The clinical presentation of a young infant often crying for long hours and mostly in the evening, for reasons that may not be immediately apparent, is a common situation experienced by many primary healthcare providers.
Infantile colic, diagnosed according to the Rome IV criteria, is the clinical presentation of an infant who has cried or fussed for three or more hours a day, during three or more days in the preceding week – with the history confirmed by a 24-hour behaviour journal maintained by the caregiver1. The caregiver will need to record the duration and frequency of crying, the infant’s feeding pattern, bowel output and any other associated symptoms.
This behavioural phenomenon often presents in the first month of life, and continues until four to six months of age. While managing a crying infant can be a distressing routine for caregivers, fortunately this behaviour generally starts to improve by the time weaning is introduced.
Determining the right cause
The true incidence and prevalence of infantile colic can be challenging to estimate, as its aetiology is complex and ill-defined, and symptoms can be vague and non-specific. Further, varying diagnostic criteria are applied in different parts of the world, and parental perception of fussiness or abnormal crying can be subjective, influencing the eventual diagnosis.
The clinical phenomenon is thought to be caused by various factors which include altered gut motility, gastro-oesophageal reflux, milk protein allergy or intolerance, lactose intolerance or intestinal distension from increased bowel gas and altered intestinal microbiome2, 3.
In a small number of infants, this behaviour may be associated with more serious medical conditions such as intussusception, visceral pain, cerebral irritation from infections, or non-accidental injuries. In such cases, nonspecific and excessive crying may be the only presenting symptom. The steps for assessment of infantile colic by community healthcare practitioners are outlined in Table 1.
Treatment and intervention
In the absence of pathological concerns, infantile colic is self-limiting and has a good prognosis. In these instances, the condition can be effectively managed by providing caregivers with management advice, caring reassurance and regular follow-up for the infant.
While some caregivers may opt for over-the counter formulations to soothe their crying babies, there is currently no strong scientific evidence to recommend their routine use in clinical practice.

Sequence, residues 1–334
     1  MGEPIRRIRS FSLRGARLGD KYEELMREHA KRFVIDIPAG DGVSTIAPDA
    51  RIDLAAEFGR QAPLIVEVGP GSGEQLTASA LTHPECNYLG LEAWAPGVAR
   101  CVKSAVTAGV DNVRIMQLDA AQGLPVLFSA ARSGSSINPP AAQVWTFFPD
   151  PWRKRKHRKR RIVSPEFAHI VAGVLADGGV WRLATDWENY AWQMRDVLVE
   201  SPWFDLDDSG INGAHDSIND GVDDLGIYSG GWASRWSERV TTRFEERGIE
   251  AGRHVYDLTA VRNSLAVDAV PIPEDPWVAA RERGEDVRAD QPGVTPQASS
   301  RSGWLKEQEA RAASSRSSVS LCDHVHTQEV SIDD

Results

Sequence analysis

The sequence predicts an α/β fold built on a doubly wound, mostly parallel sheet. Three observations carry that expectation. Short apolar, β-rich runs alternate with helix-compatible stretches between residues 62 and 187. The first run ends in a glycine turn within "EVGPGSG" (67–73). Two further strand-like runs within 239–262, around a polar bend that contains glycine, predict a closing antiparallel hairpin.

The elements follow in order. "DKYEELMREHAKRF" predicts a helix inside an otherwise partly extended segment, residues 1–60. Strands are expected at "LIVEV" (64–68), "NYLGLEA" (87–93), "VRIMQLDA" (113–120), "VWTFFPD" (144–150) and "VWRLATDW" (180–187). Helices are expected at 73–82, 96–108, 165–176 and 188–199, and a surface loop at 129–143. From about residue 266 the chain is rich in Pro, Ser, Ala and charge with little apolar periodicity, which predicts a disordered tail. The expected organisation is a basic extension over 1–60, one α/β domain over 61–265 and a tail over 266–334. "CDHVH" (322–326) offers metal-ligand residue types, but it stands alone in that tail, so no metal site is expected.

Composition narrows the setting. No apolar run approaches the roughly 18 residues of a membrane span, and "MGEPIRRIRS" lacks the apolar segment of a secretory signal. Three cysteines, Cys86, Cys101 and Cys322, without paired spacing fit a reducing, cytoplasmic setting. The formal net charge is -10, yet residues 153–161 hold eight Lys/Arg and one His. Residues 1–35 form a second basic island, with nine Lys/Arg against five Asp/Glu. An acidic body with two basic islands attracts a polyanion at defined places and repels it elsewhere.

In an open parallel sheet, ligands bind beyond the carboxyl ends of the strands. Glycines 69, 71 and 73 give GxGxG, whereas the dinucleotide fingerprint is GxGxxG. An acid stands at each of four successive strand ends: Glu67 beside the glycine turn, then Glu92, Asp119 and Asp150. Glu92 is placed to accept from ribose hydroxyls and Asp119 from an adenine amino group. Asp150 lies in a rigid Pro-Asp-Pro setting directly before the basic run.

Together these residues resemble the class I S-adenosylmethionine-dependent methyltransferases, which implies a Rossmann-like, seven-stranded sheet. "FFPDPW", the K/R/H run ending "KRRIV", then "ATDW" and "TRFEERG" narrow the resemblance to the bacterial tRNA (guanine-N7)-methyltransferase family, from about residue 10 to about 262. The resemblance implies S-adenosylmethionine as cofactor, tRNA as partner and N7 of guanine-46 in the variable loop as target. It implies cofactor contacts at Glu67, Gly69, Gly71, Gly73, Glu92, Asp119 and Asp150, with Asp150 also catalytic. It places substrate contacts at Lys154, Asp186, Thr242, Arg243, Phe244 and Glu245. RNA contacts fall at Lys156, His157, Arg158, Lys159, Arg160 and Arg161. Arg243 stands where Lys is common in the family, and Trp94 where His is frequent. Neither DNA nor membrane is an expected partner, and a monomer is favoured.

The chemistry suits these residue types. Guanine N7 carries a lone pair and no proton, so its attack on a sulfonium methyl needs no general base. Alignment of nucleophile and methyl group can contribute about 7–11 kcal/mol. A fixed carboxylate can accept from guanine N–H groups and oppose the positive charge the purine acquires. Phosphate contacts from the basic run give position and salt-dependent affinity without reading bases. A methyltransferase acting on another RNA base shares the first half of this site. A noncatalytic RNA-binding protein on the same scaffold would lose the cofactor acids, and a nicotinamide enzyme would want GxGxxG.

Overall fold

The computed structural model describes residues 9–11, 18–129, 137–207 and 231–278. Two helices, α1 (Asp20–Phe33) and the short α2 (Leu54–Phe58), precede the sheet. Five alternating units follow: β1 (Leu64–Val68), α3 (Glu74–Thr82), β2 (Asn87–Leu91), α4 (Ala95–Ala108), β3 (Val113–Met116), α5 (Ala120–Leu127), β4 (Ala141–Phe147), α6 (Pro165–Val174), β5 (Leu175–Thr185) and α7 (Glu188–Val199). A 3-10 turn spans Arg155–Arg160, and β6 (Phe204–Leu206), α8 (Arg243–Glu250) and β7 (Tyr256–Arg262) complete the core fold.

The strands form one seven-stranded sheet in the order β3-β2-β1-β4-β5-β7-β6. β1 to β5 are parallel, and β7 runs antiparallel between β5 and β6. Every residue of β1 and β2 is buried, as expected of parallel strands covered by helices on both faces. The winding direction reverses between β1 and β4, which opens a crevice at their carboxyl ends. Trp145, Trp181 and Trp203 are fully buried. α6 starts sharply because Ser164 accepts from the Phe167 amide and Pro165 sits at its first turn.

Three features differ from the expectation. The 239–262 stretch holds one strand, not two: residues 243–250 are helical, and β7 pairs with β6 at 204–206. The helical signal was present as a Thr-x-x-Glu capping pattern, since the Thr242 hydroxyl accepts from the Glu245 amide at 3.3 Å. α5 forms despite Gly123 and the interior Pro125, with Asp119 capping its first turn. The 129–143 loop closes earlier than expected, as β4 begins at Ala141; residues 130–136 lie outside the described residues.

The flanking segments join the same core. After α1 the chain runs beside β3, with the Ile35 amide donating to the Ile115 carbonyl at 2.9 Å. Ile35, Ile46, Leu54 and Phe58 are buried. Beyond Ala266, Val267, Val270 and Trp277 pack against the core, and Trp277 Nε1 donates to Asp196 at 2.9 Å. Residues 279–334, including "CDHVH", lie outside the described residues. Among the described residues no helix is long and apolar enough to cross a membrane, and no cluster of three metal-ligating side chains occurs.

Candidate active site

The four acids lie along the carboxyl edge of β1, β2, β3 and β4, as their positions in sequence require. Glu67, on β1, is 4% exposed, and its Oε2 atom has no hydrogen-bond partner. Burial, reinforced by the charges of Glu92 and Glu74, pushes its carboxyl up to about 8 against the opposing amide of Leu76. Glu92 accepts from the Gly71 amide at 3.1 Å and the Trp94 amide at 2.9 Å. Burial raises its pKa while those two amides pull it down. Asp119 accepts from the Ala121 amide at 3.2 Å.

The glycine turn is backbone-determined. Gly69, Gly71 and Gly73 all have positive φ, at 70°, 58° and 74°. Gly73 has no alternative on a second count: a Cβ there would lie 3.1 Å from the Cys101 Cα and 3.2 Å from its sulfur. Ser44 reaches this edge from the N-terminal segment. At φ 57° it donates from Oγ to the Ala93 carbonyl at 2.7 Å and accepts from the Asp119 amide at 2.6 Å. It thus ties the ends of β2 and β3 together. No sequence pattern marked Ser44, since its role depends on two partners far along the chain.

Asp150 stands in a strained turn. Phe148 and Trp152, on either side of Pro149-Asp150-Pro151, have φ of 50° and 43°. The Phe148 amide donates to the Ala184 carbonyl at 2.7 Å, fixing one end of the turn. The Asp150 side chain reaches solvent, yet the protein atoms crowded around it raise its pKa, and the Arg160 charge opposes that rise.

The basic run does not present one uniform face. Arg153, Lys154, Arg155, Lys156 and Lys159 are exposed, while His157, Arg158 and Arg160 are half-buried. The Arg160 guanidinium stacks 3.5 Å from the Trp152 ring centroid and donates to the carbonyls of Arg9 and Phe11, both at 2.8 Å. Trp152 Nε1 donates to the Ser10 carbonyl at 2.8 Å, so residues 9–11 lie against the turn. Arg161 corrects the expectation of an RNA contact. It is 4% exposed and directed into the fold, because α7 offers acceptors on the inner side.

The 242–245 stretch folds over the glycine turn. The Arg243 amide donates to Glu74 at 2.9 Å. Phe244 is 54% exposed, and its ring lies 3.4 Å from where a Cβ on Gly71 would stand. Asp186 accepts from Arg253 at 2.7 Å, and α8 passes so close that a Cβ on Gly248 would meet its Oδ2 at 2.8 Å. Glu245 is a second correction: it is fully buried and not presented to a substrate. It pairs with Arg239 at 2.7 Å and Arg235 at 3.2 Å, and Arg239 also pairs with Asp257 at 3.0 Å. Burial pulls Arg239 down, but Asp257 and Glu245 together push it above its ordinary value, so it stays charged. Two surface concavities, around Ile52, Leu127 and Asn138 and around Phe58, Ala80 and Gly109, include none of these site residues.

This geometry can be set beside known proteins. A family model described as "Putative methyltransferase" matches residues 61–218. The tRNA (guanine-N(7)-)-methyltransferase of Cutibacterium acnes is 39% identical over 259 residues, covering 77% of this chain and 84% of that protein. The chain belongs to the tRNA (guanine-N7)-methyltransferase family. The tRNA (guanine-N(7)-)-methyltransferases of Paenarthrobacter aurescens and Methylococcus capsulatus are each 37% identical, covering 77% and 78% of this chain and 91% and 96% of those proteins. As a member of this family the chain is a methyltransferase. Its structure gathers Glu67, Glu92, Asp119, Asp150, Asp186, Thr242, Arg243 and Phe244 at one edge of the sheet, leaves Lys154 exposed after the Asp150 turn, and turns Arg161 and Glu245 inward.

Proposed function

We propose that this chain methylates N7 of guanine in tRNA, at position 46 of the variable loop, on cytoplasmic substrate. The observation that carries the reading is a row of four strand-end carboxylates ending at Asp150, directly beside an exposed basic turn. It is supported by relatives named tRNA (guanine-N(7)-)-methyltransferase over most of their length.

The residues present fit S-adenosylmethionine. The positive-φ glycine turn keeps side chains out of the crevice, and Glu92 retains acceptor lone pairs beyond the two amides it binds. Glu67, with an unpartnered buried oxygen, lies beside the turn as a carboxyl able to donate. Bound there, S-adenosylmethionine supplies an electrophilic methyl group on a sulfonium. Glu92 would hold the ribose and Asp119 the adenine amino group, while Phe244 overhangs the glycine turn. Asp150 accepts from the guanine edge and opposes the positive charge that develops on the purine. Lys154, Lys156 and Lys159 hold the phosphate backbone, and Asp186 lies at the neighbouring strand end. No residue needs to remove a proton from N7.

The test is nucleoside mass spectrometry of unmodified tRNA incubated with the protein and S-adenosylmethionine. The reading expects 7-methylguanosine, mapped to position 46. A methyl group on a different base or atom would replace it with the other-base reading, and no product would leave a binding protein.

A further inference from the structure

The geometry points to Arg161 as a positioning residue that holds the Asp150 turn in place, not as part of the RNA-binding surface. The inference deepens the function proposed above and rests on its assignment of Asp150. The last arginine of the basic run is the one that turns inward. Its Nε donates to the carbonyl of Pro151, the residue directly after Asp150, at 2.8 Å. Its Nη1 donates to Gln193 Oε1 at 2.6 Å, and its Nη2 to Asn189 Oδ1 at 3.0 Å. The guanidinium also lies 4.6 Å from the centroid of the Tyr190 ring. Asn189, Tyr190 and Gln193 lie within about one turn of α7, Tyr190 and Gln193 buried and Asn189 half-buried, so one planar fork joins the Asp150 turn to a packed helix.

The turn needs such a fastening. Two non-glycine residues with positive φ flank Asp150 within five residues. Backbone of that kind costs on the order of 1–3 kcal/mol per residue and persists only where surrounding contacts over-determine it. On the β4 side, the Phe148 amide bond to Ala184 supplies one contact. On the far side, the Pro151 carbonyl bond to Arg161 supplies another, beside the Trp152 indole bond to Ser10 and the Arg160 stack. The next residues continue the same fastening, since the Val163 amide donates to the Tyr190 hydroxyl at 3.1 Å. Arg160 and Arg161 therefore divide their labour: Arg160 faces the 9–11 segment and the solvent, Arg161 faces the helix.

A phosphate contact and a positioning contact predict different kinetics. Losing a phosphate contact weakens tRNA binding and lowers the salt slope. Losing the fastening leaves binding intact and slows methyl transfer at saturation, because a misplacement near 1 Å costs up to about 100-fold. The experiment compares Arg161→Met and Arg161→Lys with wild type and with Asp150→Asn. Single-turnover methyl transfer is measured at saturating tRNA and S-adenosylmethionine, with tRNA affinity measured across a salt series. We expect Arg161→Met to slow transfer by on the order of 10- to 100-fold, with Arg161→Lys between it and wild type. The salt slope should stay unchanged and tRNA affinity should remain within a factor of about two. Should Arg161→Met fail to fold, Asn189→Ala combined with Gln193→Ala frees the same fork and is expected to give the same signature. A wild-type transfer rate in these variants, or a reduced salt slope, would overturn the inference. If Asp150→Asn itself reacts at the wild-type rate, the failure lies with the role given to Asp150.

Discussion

The majority of young infants who present to the General Paediatrics Service at KK Women’s and Children’s Hospital with non-specific and excessive crying do not have serious medical problems. However, should a potential underlying medical condition be identified, timely and appropriate referral for tertiary assessment and intervention is beneficial in managing the infant’s condition, and minimising the distress experienced by both caregiver and child.
Table 2 outlines some common causes of infantile colic, their management recommendations and criteria for tertiary assessment.
Refer a patient
Polyclinics and community healthcare practitioners can contact KKH at
+65 6294 4050 to refer patients to the General Paediatrics Service for tertiary assessment and management for infantile colic.
- Judith Zeevenhooven, Ilan J.N. Koppen, and Marc A. Benninga. The New Rome IV Criteria for Functional Gastrointestinal Disorders in Infants and Toddlers. Paediatric Gastroenterology, Hepatology & Nutrition 2017 March 20(1):1-13
- Hill, David J.; Hosking, Clifford S. Infantile Colic and Food Hypersensitivity. Journal of Paediatric Gastroenterology and Nutrition 2000; 30(1): pp S67-S76
- Heine, Ralf G. Gastroesophageal refl ux disease, colic and constipation in infants with food allergy Current Opinion in Allergy and Clinical Immunology 2006; 6:220-225
- Charlotte Søndergaard; Tine Brink Henriksen; Carsten Obel; and Kirsten Wisborg. Smoking during Pregnancy and Infantile colic. Pediatrics 2001; 108:342-346